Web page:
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Jesus’ Literacy: Scribal Culture and the Teacher from Galilee
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Jesus’ Literacy: Scribal Culture and the Teacher from Galilee


T&T Clark 2011

Runs on Windows, Mac and mobile.


Chris Keith critically engages the question “could Jesus read or write?” Building on the significant scholarly progression of the last 10 to 15 years, Keith argues that Jesus was able to simultaneously convince his contemporaries both that he was literate and that he was illiterate.

In the Logos edition, this volume is enhanced by amazing functionality. Important terms link to dictionaries, encyclopedias, and a wealth of other resources in your digital library. Perform powerful searches to find exactly what you’re looking for. Take the discussion with you using tablet and mobile apps. With Logos Bible Software, the most efficient and comprehensive research tools are in one place, so you get the most out of your study.

Save more when you purchase this book as part of the T&T Clark Jesus Studies Collection.

Key Features

  • Provides fresh perspectives on the historical Jesus
  • Presents multiple angles to explore the knowledge and humanity of Jesus
  • Engages the question “could Jesus read or write?”


  • Jesus, Reading, and Writing
  • Jesuses Literate and Illiterate
  • Jesus Tradition, Memory, and What Really Happened
  • Scribal Culture in the Time of Jesus
  • Jesus’ Scribal-Literate Status in Early Christianity
  • Jesus and Scribal Literacy
  • The Controversy of Jesus the Teacher

Praise for the Print Edition

Keith makes two important contributions to the ongoing exploration of Jesus’ life—he demonstrates the strengths of an emerging methodology in Gospel studies, what he identifies as the ‘Jesus-memory approach,’ as well as nuances the category of literacy to better reflect the historical situation in first century Galilee and Judea. His even-handed critique of the criteria of authenticity and his careful examination of the various levels of reading and writing abilities evidenced in the ancient sources further support his case. Jesus’ Literacy: Scribal Culture and the Teacher from Galilee opens compelling vistas in the study of Jesus and the Gospels; his compelling arguments deserve careful attention.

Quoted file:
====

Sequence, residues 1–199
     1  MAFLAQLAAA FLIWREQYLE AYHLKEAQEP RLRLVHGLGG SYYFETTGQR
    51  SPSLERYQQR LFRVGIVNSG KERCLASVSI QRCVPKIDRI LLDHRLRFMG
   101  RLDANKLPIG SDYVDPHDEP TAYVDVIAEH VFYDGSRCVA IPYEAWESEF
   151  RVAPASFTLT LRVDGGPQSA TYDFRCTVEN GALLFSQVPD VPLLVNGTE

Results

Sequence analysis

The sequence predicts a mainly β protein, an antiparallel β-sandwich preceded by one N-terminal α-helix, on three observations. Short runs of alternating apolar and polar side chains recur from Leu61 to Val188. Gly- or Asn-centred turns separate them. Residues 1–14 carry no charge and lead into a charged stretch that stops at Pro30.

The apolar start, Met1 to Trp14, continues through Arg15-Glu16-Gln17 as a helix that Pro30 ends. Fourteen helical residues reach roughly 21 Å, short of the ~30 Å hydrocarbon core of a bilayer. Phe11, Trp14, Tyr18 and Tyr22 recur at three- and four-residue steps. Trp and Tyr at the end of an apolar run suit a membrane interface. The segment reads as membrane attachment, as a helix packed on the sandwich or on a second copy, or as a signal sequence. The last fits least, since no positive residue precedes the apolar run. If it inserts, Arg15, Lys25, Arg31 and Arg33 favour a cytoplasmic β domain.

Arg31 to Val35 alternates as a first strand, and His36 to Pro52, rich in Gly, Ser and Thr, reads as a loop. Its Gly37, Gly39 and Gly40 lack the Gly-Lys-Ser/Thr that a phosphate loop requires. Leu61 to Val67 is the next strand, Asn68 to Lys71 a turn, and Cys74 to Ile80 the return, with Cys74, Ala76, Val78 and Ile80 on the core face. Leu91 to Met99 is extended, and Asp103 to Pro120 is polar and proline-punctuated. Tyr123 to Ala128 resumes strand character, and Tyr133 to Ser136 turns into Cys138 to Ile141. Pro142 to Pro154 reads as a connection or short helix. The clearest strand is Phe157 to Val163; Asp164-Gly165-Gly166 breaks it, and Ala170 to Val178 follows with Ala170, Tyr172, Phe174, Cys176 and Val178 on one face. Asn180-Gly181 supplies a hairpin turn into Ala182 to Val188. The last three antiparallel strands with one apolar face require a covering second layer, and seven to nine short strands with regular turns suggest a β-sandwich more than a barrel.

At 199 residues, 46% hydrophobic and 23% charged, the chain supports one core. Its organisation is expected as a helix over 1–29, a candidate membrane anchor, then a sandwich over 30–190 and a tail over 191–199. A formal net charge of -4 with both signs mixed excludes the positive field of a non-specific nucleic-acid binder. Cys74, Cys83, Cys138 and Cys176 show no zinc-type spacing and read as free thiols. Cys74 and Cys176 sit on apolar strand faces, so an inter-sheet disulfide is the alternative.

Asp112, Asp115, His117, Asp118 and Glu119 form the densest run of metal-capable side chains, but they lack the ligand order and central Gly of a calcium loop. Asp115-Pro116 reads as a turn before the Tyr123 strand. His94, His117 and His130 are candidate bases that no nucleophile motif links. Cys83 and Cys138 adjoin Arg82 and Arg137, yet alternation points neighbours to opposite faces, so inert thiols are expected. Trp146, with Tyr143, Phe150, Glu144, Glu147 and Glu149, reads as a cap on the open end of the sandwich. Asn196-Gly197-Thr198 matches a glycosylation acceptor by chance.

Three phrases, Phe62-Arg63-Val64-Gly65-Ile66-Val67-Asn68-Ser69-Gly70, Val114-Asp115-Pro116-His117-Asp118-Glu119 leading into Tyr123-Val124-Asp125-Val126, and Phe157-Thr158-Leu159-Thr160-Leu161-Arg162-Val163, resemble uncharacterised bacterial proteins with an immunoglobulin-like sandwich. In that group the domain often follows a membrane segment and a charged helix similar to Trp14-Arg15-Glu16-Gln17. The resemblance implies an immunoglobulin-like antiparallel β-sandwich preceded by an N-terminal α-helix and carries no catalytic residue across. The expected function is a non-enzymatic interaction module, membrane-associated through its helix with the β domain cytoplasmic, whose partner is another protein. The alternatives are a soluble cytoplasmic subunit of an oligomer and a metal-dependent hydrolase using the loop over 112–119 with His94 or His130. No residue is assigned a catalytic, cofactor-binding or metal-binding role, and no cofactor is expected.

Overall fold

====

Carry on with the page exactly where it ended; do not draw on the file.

Lynn H. Cohick, associate professor of New Testament Biblical and theological studies at Wheaton College in Illinois

Indeed, all subsequent discussions will inevitably take their bearings from Jesus’ Literacy. The work is comprehensive, well-informed, and well-argued, and time and time again it reveals that almost everybody who has addressed the pertinent issues has come to premature conclusions.

Dale C. Allison Junior, Pittsburgh Theological Seminary

Chris Keith offers scholars the learned study of the literacy of Jesus that has been much needed. For too long scholars have made assumptions about the literacy or illiteracy of Jesus and his followers. Offering a critical analysis of all the relevant data, Keith’s impressive book sheds a great deal of light on this important topic. I recommend it enthusiastically.

Craig A. Evans, Payzant Distinguished Professor of New Testament at Acadia Divinity College in Canada

Product Details

About Chris Keith

Chris Keith is a professor of New Testament and early Christianity, and director of the Center for the Social-Scientific Study of the Bible at St Mary’s University College in the United Kingdom. He is the author of The Pericope Adulterae, The Gospel of John, and a co-editor of Jesus, Criteria, and the Demise of Authenticity, Jesus Among Friends and Enemies: A Historical and Literary Introduction to Jesus in the Gospels. Keith was the winner of the 2010 John Templeton Award for Theological Promise, and in 2012 he was named a Society of Biblical Literature Regional Scholar.